The second section of the book offers photographs Willoughby created in Germany in 1992 and 1994 — fascinating portraits of Lee Konitz, Marcus Roberts, Jon Faddis, Art Farmer, Wynton Marsalis, Pat Metheny, John Lewis, Mulligan much transformed by the years, and many others.

Having purchased many volumes of photographs of jazz musicians, I tend to look at the book with fascination immediately after their purchase . . . but not often after.  Willoughby’s book has proven itself an exception.  In tne month that I have had a copy, I have come back to it over and over, drawn by what his eye captured — tantalizing wordless dramas that open deeper each time I stare into the pages.

And the appeal of the book is wider than the allure of the musicians portrayed there.  Without being precious or coy, Willoughby created small paintings full of feeling, emotion coming through the lovely blacks, greys, and whites.  He was a master of seeing, of shaping line and angle, shape and focus.  I look at these portraits and I can feel Louis’ happiness, imagine the words passing between Bing and Frank on the set of CAN-CAN, hear Billie’s voice.  In addition, Willoughby’s photos are idiosyncratic master classes for photographers: what to emphasize, what to leave out. . . all the more remarkable because he captured his subjects in the moment.

Marc Myers, of JAZZ WAX, knew and spoke with Willoughby, and the essays Marc has created about the man and his work are rewarding (with photographs that will astonish): read more here and here.   The book’s website — with even more beautiful pictures — can be found here.  Willoughby’s photographs reward the eye.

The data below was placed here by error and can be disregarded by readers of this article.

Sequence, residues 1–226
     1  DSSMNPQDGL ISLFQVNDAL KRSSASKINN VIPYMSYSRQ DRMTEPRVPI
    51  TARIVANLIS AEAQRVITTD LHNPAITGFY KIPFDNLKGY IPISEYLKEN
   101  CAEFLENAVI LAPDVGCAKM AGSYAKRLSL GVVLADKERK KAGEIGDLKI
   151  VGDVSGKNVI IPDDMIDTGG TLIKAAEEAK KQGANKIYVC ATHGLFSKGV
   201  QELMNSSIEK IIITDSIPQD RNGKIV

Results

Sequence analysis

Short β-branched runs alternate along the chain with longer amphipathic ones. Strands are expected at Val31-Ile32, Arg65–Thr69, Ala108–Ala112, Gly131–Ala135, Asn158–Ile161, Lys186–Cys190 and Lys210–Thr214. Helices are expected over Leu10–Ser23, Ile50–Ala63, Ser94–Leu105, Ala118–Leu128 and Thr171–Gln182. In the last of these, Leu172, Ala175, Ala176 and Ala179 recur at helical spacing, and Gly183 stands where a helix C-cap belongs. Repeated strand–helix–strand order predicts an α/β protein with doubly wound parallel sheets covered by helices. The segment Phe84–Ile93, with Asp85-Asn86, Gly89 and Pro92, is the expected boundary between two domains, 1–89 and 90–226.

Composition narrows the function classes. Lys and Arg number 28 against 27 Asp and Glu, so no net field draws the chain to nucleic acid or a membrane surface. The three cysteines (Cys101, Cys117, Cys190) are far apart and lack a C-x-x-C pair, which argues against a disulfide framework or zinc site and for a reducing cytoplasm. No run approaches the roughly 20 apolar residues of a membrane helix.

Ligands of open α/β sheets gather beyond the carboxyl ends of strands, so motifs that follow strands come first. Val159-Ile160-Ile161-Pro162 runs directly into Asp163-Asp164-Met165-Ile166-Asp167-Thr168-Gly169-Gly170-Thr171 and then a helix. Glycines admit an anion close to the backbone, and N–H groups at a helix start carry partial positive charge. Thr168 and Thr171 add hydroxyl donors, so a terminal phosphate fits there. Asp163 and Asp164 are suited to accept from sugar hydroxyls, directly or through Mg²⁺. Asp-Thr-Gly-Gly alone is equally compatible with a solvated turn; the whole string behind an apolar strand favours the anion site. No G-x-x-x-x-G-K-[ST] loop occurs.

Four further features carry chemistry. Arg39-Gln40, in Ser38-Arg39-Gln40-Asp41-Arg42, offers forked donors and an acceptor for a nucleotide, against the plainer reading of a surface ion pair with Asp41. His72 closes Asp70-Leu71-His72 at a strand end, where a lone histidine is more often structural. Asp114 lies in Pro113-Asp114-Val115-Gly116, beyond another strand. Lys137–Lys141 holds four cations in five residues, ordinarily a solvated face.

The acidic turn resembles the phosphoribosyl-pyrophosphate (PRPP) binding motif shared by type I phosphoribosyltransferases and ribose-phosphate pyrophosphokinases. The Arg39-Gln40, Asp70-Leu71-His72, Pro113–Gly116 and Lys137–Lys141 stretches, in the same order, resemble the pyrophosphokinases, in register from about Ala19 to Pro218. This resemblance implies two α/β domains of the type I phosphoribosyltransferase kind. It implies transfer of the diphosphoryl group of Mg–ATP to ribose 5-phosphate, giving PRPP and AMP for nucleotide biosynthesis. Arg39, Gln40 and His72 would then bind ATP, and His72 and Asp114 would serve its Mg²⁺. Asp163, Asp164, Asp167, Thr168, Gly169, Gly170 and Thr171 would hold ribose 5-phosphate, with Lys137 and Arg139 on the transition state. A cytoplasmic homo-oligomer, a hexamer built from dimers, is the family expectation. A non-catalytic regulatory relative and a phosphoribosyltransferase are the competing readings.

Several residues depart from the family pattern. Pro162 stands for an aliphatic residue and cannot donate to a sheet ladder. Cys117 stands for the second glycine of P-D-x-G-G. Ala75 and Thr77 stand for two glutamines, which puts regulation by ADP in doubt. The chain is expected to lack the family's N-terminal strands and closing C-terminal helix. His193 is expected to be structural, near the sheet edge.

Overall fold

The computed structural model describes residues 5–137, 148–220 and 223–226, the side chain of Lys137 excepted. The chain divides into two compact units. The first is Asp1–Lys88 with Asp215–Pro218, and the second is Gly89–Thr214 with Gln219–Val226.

May your happiness increase.

ATLANTA 2012: CHUCK REDD, HARRY ALLEN, MARK SHANE, RICHARD SIMON, ED METZ (April 21, 2012)

Vibraphonist and percussionist Chuck Redd has fine taste, whether he’s leading a small group at the 2012 Atlanta Jazz Party or — more informally — keeping time on the paper tablecloth with his wire brushes at The Ear Inn.  Here’s a sample of the former — with saxophonist Harry Allen, pianist Mark Shane, bassist Richard Simon, and fellow percussionist Ed Metz.  On the menu, a Rodgers and Hammerstein ballad from ANNIE GET YOUR GUN, a swing perennial that I associate with Lester Young, a Cole Porter love-in-swingtime song from HIGH SOCIETY (Bing sang it to Grace Kelly while Louis played a memorable obbligato . . . Ruby loved it, too), and a hard-bop version of the everlasting blues.  Hear for yourself.

THEY SAY IT’S WONDERFUL:

JUST YOU, JUST ME:

I LOVE YOU, SAMANTHA:

Billy Strayhorn’s THE INTIMACY OF THE BLUES:

May your happiness increase.

GLIDING AT CHAUTAUQUA 2011 with HOWARD ALDEN, HARRY ALLEN, DAN BARRETT, ROSSANO SPORTIELLO, JON BURR, PETE SIERS, and LYNN STEIN

The Thursday-night informal sessions at the 2011 Jazz at Chautauqua turned from homegrown Gypsy jazz (the Faux Frenchmen) to modern Chicago-style (Marty Grosz and his Peerless Players) to deep Mainstream with Howard Alden, guitar; Harry Allen, tenor sax; Dan Barrett, trombone; Rossano Sportiello, piano; Jon Burr, string bass; Pete Siers, drums; Lynn Stein, vocal.

They began with an improvisation on the Forties jump tune IDAHO which then offered Coleman Hawkins’ line on the theme (was it BEAN STALKING or SPORTMAN’S HOP?):

Then, a Cole Porter song introduced by Bing Crosby in the film HIGH SOCIETY (sung to the lovely Grace Kelly) — Ruby Braff loved it too, I LOVE YOU, SAMANTHA: